This article is contributed by Jason Swift.
Communicating detailed financial information is unfortunately a necessary evil of business and often something that we can’t avoid. However this can be very difficult when we are trying to speak to a person or a group of people who don’t know much about finances or who find it boring, and it’s even more difficult to make this information engaging or interesting.
Fortunately we do have one useful tool at our disposal for quickly communicating financial information to large groups – and that’s graphs and charts. This gives us a perfect way to visualize detailed information and to provide an overview that looks at the bigger picture without forgetting the smaller details. It can be highly useful also for presentations, annual reports, meetings and marketing. Here we will look at how to use it.
Capturing the Raw Data
First of all you need data, and collecting data is something that every company should be doing actively. The more you measure profits, losses and every other bit of financial information, the more you will be able to tell which direction your business is going in and what needs to change to bring about the biggest improvements. Collect information on every cash outflow and every income stream and on the most significant measures of performance.
From here you can then input this information into spreadsheet software such as Excel and this will allow you to keep track of it, and to use it to create a graph. Simply select the information you are interested in and choose to make a graph from it. Now from here you have many different options to choose from…
A line graph or a plot graph are particularly useful for communicating how something has changed over time and can also be useful for plotting how they might continue to change in the future. Line graphs will automatically show patterns and they will show directions, and this means for instance that you can show how your overall finances have increased or dipped over the last month to inspire or motivate your team. Likewise you can also split your lines up into multiple different figures so that people can compare directly the difference between departments and then put this in context relative to the overall profits.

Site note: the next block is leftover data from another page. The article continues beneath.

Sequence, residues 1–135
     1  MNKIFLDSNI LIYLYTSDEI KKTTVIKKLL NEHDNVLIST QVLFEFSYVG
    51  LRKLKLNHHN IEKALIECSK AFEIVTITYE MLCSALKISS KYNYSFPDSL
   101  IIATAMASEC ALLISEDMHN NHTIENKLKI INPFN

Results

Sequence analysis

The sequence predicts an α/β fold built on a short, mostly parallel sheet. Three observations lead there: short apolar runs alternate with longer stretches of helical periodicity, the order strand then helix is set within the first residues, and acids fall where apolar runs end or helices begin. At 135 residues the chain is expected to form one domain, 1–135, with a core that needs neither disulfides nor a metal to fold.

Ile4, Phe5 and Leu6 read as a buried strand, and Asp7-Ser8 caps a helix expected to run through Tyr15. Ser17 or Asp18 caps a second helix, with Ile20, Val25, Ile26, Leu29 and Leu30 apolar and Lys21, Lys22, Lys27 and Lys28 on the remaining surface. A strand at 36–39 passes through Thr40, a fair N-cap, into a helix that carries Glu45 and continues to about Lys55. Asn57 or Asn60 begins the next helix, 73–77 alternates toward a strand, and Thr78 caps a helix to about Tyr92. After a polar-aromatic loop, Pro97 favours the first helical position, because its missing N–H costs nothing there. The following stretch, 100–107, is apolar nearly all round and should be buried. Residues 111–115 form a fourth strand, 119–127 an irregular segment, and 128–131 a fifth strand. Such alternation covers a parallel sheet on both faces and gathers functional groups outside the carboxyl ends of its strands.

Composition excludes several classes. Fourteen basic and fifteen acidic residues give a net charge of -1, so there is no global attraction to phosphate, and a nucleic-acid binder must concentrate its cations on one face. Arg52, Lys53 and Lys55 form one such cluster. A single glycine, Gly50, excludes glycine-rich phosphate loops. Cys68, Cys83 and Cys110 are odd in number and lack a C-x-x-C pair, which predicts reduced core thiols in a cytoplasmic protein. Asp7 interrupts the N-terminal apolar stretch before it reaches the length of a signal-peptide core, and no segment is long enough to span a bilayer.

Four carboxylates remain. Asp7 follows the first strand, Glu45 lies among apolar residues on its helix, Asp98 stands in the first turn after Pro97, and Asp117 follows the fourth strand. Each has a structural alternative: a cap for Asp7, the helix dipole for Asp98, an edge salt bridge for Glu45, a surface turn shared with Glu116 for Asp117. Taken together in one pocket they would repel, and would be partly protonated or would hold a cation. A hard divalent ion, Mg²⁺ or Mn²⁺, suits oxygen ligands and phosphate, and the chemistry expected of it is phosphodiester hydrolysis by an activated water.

Pie charts are particularly useful for showing percentages and this means you can give a snap shot of where your revenue is coming from, which product lines are performing best, or which departments are costing the most money. It only gives you a snapshot in time but it can be a very dramatic way to show which areas need improvement or more focus.
Bar charts are similar to pie charts and can allow you to compare various different elements on a set scale – such as which products sold the most over a set period. When the differences are more subtle, you will find that bar charts are slightly more illuminating than pie charts.
When choosing the right graph, think about your audience as well as the data you are trying to communicate. Make sure of course that you use colors that will stand out clearly but at the same time don’t condescend to your audience as this will undoubtedly create a negative reaction.
Of course bear in mind that you will probably have an ulterior motive when you create your charts and graphs, so think about which information you want to include and how, by selecting only a certain month, or portraying the information in a particular way, you can make it a lot easier to communicate your message to investors or bosses…
Author Bio: Jason Swift is an expert in giving accounting advices. He writes articles on annual report awards and reporting which helps you out in finance dealing issues.